Guardian: How will the result of the GU Indy Ref, whatever the outcome may be, change the focus of the Better Together campaign between now and autumn 2014?

Alistair Darling: Our core message will remain the same. We are Better and Stronger Together when we work with our friends, families and workmates from across the UK.

Guardian: How do you respond to claims that an independent Scotland would have to reapply to the EU? Is their any new evidence that states Scotland would automatically remain part of the EU?  How would this affect Scottish, British and European students?

Alistair Darling: I think that on all of these issues, it is always best to look beyond what the politicians are telling you and listen to independent, impartial experts. The foremost experts have all said that Scotland would need to reapply. The President of the European Commission has said that we would need to reapply. The leaders and foreign ministers of several European countries have said that we would need to reapply. I think that that presents a pretty compelling case. How would this affect students?  Well, like every single person in this country we would need to see what the outcome of the various negotiations would bring. I am pretty sure that we would get into the EU, but on what terms? I am sure that Scotland would be able to, eventually, split itself away from the rest of the UK, but what would be the impact of that? No-one knows the answer.  It does beg the question, why would we put ourselves through all of this? What is the benefit to be had?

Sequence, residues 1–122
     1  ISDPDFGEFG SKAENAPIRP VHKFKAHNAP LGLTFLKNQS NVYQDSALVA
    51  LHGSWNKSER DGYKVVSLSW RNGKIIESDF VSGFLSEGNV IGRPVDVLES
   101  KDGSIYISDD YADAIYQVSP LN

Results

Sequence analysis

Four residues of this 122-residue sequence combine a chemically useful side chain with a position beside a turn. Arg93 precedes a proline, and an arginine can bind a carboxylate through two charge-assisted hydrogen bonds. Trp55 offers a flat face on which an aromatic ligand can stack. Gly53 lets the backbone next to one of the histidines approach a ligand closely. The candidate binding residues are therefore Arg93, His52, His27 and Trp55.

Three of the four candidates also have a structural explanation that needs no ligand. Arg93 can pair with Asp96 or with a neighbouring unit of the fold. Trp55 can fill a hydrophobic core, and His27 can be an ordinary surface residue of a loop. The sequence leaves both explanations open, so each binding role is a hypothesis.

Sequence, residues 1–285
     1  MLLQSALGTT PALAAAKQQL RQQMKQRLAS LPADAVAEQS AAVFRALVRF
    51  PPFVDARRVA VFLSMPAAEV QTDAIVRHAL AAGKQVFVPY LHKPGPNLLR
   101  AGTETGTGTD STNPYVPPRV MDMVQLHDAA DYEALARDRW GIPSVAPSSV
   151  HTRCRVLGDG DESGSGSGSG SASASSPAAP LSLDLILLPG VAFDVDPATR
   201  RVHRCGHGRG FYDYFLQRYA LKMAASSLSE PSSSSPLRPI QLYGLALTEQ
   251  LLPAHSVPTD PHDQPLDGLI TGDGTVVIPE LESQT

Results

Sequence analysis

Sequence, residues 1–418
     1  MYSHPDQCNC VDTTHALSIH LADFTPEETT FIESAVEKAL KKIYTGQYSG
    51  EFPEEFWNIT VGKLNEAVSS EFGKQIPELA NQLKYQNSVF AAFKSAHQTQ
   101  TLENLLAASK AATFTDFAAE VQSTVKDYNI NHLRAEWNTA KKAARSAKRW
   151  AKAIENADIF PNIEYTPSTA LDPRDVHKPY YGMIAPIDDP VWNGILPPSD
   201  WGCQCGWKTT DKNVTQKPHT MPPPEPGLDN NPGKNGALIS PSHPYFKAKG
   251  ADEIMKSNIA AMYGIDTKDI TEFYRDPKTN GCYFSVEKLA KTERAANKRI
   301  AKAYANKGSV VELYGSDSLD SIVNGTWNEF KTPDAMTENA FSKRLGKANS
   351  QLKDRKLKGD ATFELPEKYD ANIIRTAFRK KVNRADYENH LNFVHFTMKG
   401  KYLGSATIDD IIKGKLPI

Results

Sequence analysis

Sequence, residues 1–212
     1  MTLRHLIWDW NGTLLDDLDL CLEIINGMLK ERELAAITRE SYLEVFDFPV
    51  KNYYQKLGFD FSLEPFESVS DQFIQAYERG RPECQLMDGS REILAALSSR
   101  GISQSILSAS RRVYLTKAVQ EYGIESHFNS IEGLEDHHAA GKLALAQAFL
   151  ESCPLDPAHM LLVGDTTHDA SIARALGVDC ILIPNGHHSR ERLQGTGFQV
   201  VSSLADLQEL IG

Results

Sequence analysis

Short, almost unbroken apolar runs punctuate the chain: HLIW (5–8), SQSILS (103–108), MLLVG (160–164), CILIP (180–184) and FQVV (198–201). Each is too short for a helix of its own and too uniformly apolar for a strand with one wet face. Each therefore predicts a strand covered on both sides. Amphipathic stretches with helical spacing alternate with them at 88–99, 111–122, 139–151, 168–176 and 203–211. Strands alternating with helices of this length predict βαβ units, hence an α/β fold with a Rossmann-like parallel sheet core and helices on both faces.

Guardian: As EU citizens, English, Northern Irish and Welsh students would be entitled to the same free tuition fees as other non-UK EU citizens, what will Scottish independence mean for university fees and Scotland’s universities, some of which are highly regarded institutions?

Alistair Darling: I think  that one of the biggest impacts on Universities would come in the area of research funding. Scotland gets double its population share of research funding from UK sources and the nationalists simply cannot tell us what would happen to this if we decide to leave the UK. This money is funding vital research here at Glasgow University and right across Scotland. It is too important for us to lose.

Guardian: What would Glasgow University and its students look like in an independent Scotland?

Alistair Darling: All of this is a leap into the dark. The nationalists are unwilling and unprepared to provide us with any of the detail that would answer even the most basic question. What is certain, though, is that what we have at the moment gives us the best of both worlds. We have a Parliament in Edinburgh which has power over the areas that matter most like health and education and we have the ability to work as part of the wider UK on areas that make sense to collaborate, like defence, welfare and university research.

Guardian: There would be some benefits to independence, what do you think are the most convincing?

Alistair Darling: I have never argued that Scotland couldn’t go it alone, I simply think that we are better together with the rest of the UK. It is for others to try and convince you of their arguments.